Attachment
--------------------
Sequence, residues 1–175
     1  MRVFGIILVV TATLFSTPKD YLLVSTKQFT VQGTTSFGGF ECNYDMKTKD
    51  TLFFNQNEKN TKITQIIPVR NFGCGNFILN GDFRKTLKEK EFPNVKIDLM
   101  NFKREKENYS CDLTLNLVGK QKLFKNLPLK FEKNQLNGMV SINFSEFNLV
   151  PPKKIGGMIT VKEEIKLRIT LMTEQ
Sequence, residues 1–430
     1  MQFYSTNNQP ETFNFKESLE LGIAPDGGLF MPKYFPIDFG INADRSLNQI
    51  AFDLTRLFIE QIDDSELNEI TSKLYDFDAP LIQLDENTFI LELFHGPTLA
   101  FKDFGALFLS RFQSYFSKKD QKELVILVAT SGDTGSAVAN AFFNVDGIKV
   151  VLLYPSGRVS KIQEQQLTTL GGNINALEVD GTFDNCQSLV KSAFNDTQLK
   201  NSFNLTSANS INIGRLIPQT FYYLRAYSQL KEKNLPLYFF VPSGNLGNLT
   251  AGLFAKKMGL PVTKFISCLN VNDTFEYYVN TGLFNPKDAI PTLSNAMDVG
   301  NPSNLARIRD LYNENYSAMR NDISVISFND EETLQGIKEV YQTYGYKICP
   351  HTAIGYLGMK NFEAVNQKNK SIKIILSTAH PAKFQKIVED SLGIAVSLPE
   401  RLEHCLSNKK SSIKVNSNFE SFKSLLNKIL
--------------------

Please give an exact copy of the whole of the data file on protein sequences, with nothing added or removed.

Sequence, residues 1–175
     1  MRVFGIILVV TATLFSTPKD YLLVSTKQFT VQGTTSFGGF ECNYDMKTKD
    51  TLFFNQNEKN TKITQIIPVR NFGCGNFILN GDFRKTLKEK EFPNVKIDLM
   101  NFKREKENYS CDLTLNLVGK QKLFKNLPLK FEKNQLNGMV SINFSEFNLV
   151  PPKKIGGMIT VKEEIKLRIT LMTEQ
Sequence, residues 1–430
     1  MQFYSTNNQP ETFNFKESLE LGIAPDGGLF MPKYFPIDFG INADRSLNQI
    51  AFDLTRLFIE QIDDSELNEI TSKLYDFDAP LIQLDENTFI LELFHGPTLA
   101  FKDFGALFLS RFQSYFSKKD QKELVILVAT SGDTGSAVAN AFFNVDGIKV
   151  VLLYPSGRVS KIQEQQLTTL GGNINALEVD GTFDNCQSLV KSAFNDTQLK
   201  NSFNLTSANS INIGRLIPQT FYYLRAYSQL KEKNLPLYFF VPSGNLGNLT
   251  AGLFAKKMGL PVTKFISCLN VNDTFEYYVN TGLFNPKDAI PTLSNAMDVG
   301  NPSNLARIRD LYNENYSAMR NDISVISFND EETLQGIKEV YQTYGYKICP
   351  HTAIGYLGMK NFEAVNQKNK SIKIILSTAH PAKFQKIVED SLGIAVSLPE
   401  RLEHCLSNKK SSIKVNSNFE SFKSLLNKIL